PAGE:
Dr. Fauci says he's 'cautiously optimistic' of COVID vaccine by year's end

The infectious disease expert was speaking before Congress on Tuesday.
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The government's leading infectious disease expert says he's "cautiously optimistic" there will be a vaccine for COVID-19 by the end of the year.

Dr. Anthony Fauci was speaking before a House committee on Tuesday, and said he believes it "will be when and not if" there's a vaccine.

But he also urged caution from states thinking about reopening early with adequate safeguards in place, noting a "disturbing surge of infections" in recent weeks in states that have opened up, including Florida, Arizona, and Texas.

"We are not mounting a major effort in which we're collaborating with industry and public-private partnerships, to get vaccine trials that are developed, that harmonize with each other – in other words they have multiple trials," he said.

"One of them [the vaccines currently being trialed] will enter Phase 3 study in July. This is one that has already shown in some preliminary studies, a very favorable response in the animal models that were developed.

"There will be others that will follow one month, two months, three months later, although can never guarantee at all the safety and efficacy of a vaccine until you actually test it in the field, we field cautiously optimistic based on the concerted effort and the fact we're taking financial risks ... to be able to be ahead of the game so that when, and I believe it will be when and not if, we get favorable candidates with good results, we will be able to make them available to the American public within a year of when we started, which would put us at the end of this calendar year, and the beginning of 2021."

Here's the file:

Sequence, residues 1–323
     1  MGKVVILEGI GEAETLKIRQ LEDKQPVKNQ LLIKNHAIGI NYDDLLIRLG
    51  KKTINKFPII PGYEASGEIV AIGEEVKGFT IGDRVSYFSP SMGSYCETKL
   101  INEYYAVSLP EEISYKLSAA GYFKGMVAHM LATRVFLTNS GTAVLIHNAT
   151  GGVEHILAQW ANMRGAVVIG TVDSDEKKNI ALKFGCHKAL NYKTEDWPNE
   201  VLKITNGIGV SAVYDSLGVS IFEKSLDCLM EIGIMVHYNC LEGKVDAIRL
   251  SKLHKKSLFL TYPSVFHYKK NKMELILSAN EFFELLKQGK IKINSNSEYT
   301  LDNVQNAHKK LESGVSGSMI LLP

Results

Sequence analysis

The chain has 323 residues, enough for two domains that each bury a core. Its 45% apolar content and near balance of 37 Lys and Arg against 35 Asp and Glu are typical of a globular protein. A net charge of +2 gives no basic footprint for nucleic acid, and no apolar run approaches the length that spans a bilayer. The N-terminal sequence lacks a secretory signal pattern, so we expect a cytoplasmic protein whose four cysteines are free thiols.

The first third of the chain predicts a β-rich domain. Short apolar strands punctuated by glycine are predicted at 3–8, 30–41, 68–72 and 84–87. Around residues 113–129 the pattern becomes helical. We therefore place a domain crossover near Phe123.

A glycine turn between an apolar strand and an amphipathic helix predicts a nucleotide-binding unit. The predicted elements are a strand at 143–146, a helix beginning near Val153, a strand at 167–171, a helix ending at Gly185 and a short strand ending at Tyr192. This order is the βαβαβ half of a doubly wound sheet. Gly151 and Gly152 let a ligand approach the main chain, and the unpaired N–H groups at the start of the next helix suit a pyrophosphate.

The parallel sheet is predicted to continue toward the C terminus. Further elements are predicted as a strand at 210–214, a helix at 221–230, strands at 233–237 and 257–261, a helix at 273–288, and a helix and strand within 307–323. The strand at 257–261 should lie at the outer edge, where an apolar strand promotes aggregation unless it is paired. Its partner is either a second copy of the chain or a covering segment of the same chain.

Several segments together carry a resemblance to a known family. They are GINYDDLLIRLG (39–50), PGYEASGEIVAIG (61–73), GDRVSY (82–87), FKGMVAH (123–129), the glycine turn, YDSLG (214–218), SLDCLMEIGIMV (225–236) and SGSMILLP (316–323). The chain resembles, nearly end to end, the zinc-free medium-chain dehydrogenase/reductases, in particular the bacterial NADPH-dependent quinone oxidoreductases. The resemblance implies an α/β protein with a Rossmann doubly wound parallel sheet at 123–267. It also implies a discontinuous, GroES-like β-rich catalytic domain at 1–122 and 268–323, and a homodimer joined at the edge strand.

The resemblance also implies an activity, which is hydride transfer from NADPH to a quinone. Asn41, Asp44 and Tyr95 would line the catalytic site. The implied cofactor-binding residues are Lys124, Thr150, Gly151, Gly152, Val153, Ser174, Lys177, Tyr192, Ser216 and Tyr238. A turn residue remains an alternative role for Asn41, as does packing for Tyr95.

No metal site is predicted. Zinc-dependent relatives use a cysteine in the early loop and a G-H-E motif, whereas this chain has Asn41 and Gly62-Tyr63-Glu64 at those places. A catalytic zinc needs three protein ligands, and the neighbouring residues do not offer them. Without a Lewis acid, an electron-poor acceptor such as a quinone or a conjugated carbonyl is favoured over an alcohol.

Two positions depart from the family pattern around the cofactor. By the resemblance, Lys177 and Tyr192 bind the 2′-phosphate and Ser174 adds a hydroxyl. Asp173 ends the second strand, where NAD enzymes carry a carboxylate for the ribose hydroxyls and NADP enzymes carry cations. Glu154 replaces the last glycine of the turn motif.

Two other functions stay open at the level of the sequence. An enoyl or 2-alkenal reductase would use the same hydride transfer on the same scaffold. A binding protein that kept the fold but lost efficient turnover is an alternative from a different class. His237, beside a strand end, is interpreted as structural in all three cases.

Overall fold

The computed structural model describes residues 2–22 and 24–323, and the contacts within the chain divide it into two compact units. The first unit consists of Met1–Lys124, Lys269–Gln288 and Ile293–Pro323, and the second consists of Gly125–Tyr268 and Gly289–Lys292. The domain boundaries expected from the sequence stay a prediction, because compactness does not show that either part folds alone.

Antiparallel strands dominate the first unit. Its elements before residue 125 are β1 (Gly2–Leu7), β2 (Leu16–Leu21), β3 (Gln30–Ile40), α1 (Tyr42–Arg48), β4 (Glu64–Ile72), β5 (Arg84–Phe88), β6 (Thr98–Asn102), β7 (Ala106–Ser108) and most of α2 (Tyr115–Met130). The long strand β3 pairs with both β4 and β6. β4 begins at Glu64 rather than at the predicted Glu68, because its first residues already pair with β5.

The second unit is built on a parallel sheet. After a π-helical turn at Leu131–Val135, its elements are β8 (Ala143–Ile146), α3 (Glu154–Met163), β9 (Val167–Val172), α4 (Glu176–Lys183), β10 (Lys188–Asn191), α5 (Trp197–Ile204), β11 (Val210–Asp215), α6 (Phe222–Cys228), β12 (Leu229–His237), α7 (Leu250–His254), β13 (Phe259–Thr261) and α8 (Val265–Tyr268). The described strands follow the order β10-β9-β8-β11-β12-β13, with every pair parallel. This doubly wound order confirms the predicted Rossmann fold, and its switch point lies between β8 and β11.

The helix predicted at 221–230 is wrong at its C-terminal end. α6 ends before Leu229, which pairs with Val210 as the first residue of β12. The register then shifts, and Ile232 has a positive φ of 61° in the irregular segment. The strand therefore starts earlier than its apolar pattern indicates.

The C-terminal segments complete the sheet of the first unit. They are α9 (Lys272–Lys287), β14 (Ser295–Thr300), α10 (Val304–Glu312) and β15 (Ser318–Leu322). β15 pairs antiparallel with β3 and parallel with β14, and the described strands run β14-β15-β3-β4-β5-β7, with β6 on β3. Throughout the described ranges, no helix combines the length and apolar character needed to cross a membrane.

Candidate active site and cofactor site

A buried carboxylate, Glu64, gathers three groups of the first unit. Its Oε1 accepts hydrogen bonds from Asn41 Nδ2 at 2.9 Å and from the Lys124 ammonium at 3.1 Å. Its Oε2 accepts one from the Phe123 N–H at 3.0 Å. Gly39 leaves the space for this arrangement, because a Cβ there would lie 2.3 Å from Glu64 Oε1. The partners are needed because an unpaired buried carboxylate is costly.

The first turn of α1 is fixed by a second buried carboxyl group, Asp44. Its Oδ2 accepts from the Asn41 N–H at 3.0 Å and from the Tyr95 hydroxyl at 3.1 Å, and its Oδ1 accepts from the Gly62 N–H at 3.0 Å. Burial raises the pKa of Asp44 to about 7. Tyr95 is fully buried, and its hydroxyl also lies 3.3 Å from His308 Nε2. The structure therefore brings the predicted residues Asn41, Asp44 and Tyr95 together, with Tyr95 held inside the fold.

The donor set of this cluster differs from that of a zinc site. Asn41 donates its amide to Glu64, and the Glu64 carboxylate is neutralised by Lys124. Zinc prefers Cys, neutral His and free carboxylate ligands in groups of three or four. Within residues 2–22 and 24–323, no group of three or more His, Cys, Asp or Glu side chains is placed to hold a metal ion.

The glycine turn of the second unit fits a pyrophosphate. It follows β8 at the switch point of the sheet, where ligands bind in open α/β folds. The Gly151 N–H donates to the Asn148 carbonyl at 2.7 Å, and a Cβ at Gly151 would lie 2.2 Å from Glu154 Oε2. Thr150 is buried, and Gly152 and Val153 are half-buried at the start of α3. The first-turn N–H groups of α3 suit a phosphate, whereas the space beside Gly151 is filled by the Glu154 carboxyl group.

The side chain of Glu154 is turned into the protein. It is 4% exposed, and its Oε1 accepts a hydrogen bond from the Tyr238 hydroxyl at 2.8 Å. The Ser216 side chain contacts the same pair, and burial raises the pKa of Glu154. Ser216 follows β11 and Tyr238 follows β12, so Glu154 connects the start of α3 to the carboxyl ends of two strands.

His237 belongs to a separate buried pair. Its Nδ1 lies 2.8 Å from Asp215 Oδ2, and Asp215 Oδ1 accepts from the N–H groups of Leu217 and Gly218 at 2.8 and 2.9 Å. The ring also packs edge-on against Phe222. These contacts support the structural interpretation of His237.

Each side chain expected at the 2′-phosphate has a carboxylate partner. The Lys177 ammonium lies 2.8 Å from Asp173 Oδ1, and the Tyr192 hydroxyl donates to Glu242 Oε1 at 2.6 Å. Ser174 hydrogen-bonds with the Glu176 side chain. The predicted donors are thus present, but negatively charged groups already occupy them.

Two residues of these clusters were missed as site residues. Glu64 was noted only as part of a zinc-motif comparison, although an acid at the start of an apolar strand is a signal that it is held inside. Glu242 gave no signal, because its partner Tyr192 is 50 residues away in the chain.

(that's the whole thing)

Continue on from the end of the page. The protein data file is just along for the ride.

The coronavirus pandemic has taken a terrible toll on the U.S. so far, with 122,000 confirmed deaths in the five-plus months since it first arrived on these shores.

Dr. Fauci said that contrary to President Donald Trump's comments at his Tulsa rally over the weekend, he has not received any order to slow the rate of testing, with the president having suggested that testing for COVID-19 is a "double-edged sword" as it reveals the true extent of the virus.

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